Ajay Mehta: Acting Day-by-Day
Ajay Mehta is a South Asian actor whose career boasts
roles in films and on television shows including 24, The Sopranos,
Law and Order: Special Victims Unit and Without a Trace.
His recent projects include Ode, a film about a young, gay
South Asian, and Americanizing Shelley, which deals with
assimilation, a topic quite relevant to our community. A multitalented
actor, Mehta's work has demonstrated that South Asians in film and
television can move beyond stereotypical roles such as gas station
owners and cab drivers.
Mehta took the stage for the first time at age three
and a half, encouraged by his father, himself a theater fan. Mehta's
mother also supported his acting ambitions. Having parental support
meant a lot to Mehta: "[Acting is] just something that's always
been there, as opposed to being a doctor or a scientist." In
addition to his parents’ influence, Mehta cites role models
ranging from Hollywood to Bollywood: Anthony Hopkins, Morgan Freeman,
Helen Mirren, Robert DeNiro, Al Pacino, Prithviraj Kapoor, Mehmood,
Jeremy Irons, Frank Sinatra, Clark Gable and Betty Davis. He is inspired
by their "craft and commitment to acting which shows in their
work, be it drama, romance or comedy."
Although he grew up in
New Delhi, Mehta moved to Hong Kong early in his career. It was there
that he achieved some success in television and commercials. His first
big break, however, came with the mini series, Around the World
in 80 Days, where he worked alongside heavyweights such as British
actor, Sir Peter Ustinov. Mehta eventually settled in New York and
continued to develop his acting skills in many different roles on
stage, in films and on television.
However, Mehta’s path hasn't been without
challenges. There have been occasions when Mehta found his own beliefs
conflicting with the demands of the entertainment business. One such
problem arose when he was asked to smoke on camera: "I am a non-smoker
and sometimes you're asked to smoke; that's been the extent [of] any
'problems' I have had." More significant problems arise, however,
when directors request that Mehta exaggerate South Asian stereotypes.
Mehta takes such situations in stride, negotiating the delicate balance
between his own opinions and the demands placed on him: "One
has to deal with stereotypical characters played by South Asians,
and it’s tough to be an actor, so my responsibility is to portray
[such a] character in the best light that I can."
Mehta is cognizant of the difficulties inherent in
his chosen profession. He notes that the most important qualities
that one needs to succeed in acting are "integrity, goodwill…being
able to build your reputation and—[this is] the most important
thing, remembering everyone [who] has helped you [along the way]."
Although Mehta is pursuing a career in which he is invested and from
which he derives great joy, he is careful to note that acting is not
quite as glamorous as it might seem: "It is hard work, and you
may think it is easy to do but it's not. There's a lot of work that
goes into it. Every aspect is about understanding what is going into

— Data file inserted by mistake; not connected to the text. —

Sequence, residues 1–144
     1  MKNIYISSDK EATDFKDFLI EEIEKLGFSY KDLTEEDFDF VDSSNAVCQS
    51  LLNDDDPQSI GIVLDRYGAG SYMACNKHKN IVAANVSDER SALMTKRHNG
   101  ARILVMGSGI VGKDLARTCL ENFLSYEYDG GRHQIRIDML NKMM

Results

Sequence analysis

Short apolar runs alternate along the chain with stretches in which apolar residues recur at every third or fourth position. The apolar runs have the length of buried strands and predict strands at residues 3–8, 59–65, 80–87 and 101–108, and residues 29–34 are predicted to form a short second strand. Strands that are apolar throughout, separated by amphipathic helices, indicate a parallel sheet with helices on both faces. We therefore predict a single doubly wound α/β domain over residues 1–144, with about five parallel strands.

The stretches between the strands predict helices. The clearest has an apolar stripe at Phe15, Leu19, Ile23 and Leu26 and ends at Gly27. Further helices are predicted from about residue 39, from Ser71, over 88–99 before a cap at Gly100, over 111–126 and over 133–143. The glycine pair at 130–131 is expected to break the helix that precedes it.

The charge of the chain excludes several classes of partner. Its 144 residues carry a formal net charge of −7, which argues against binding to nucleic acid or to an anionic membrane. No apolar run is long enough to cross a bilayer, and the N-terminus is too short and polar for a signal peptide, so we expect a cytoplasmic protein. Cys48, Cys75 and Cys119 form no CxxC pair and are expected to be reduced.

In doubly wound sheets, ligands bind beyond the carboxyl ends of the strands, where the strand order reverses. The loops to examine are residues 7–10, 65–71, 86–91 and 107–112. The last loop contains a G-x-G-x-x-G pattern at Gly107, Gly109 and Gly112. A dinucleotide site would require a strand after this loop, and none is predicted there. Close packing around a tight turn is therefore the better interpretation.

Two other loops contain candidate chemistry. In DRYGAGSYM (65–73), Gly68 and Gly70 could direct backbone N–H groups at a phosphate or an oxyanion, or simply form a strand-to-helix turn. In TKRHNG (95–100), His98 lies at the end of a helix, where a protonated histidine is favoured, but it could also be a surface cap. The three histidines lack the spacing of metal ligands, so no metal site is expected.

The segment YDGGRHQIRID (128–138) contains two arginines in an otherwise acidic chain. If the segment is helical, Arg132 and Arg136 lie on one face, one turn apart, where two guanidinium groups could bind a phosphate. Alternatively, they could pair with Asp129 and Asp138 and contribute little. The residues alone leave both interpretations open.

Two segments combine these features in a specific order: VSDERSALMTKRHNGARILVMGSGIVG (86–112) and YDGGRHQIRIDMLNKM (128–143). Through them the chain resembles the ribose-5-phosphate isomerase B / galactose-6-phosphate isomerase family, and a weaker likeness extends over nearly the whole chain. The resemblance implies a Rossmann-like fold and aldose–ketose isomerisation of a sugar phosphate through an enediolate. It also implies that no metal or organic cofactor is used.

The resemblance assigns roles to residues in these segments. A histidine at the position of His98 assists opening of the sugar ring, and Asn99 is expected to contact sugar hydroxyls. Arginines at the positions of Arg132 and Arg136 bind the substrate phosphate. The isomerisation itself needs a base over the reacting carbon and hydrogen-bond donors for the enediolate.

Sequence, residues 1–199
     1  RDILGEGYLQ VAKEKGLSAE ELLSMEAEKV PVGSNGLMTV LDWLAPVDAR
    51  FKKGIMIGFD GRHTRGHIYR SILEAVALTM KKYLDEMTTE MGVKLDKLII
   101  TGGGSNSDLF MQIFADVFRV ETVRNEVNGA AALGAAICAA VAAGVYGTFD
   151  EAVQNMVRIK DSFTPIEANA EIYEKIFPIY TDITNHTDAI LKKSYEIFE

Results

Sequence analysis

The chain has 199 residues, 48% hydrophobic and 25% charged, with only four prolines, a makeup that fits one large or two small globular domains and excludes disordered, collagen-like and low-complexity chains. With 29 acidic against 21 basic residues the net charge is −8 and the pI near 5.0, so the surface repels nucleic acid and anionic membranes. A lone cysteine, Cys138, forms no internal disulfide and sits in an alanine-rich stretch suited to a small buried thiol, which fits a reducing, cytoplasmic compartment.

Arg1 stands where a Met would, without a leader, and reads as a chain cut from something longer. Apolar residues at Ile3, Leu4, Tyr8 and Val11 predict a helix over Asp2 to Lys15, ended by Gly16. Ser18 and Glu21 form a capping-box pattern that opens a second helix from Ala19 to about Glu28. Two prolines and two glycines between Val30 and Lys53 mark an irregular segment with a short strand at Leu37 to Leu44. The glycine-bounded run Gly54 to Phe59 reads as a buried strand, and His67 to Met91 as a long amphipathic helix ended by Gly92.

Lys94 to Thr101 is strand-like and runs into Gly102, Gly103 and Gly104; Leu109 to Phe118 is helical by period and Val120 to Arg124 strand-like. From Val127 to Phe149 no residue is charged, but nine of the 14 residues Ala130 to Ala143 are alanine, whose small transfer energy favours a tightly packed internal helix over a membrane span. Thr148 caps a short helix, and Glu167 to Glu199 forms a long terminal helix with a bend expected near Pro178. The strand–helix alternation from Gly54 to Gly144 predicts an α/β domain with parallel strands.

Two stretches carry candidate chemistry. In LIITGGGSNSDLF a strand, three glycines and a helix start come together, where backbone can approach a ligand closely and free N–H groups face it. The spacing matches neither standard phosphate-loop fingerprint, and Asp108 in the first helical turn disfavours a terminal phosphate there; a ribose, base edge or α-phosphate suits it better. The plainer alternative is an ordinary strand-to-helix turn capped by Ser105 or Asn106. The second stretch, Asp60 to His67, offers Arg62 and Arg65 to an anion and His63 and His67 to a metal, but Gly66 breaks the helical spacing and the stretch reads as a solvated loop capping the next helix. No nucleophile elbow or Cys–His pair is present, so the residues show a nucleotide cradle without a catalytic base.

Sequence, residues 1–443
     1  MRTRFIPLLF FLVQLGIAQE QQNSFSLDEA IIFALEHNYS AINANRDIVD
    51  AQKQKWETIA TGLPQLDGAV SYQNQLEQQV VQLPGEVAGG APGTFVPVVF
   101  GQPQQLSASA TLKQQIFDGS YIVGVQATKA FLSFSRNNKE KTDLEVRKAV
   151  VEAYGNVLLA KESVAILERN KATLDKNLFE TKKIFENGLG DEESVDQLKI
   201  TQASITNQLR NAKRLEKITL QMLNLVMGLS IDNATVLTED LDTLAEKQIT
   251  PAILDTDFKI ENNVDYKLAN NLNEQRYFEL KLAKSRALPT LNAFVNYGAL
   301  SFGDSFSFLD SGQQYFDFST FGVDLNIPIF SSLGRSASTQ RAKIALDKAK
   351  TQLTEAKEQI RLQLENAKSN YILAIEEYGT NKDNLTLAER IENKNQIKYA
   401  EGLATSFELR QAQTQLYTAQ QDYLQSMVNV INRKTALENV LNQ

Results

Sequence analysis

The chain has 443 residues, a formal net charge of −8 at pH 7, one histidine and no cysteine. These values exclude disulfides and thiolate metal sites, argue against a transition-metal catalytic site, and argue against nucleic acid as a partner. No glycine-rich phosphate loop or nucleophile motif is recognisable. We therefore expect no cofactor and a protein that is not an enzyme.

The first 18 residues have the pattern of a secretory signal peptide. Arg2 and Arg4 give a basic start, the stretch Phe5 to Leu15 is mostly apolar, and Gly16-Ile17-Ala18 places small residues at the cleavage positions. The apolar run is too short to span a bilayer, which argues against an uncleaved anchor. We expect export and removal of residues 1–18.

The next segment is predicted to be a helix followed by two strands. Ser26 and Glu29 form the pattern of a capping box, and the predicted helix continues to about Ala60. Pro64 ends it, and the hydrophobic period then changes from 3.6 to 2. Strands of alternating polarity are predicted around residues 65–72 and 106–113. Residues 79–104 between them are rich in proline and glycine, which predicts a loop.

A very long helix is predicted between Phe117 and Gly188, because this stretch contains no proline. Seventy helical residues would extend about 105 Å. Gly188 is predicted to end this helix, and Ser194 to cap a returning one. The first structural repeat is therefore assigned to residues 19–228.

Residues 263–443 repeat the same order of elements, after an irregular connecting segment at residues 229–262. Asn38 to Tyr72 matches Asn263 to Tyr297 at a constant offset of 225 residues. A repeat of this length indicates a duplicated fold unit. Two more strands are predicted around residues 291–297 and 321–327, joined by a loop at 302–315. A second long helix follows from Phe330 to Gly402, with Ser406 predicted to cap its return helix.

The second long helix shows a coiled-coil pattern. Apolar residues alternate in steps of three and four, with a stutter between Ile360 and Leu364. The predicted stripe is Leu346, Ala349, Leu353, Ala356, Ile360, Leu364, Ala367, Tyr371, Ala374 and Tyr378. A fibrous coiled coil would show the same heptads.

a character and what's coming out of it."
Top Row: Jayne Atkinson, Ajay Mehta, Peter MacNicol. Bottom: DB Woodside
As a South Asian working in a business
where our community is underrepresented, Mehta notes that "a
lot of Desi writers, directors and producers are [now] working on
primetime shows and making independent films.” This recent development,
according to Mehta, “in turn brings about change and exposure.
[Commitment towards diversity] has to come from within the community
and Hollywood will change accordingly." Although South Asian
actors are still limited in scope in the types of rolls they are being
offered, Mehta sees "a healthy change within a few primetime
shows." The key to increasing South Asian presence on television
is "to applaud the network when a Desi character is well- represented
and not just…complain if you didn't like the portrayal."
Mehta feels a sense of accomplishment when he can
"make people laugh, even if just for a second, and…relieve
them from a hard day or [from] problems." Mehta also tries to
keep disappointments in perspective, so they are short-lived: "You
feel bad for a bit but as I always say 'disappointed but not defeated,'
and I go to the next project. It's a tough, tough business to be in
and you need to have the stomach to deal with it."
Currently, Mehta is continuing
his work on 24. "It's a brilliant show,” he says,
“and I just finished working on my fourth episode—'10p.m.-11p.m.'—this
week. I have to say it was a wonderful production team to work with…such
an excellent cast, directors and crew…an experience I'll never
forget and most certainly cherish."
In addition to working on screen, Mehta has been
exploring life on the other side of the camera: "I have a comedy
project [called] Are You With Me? In 2005 I did a one-man
presentation in Los Angeles, and I'm currently shopping it around
to the industry."
Mehta also has some tips for aspiring actors and
actresses. His technical advice is that "as an actor you do bring
your own personality and personal experience[s] to the character,
so...[what's most important is] the fusion between the two and how
you create that balance and [create] the character that you play."
Mehta suggests that budding actors focus on the act of creating and
communicating a character and try forgetting themselves temporarily:
Additionally, Mehta indicates that "acting is a very personal
thing, and it needs a lot of passion and conviction because every
role is different. Ultimately, it's what you have that day that goes
Swati Patel is currently a senior at New York University who studies economics and pre-dentistry. She aspires to be a TV personality for a morning news show and is originally from Tampa Bay, Florida.
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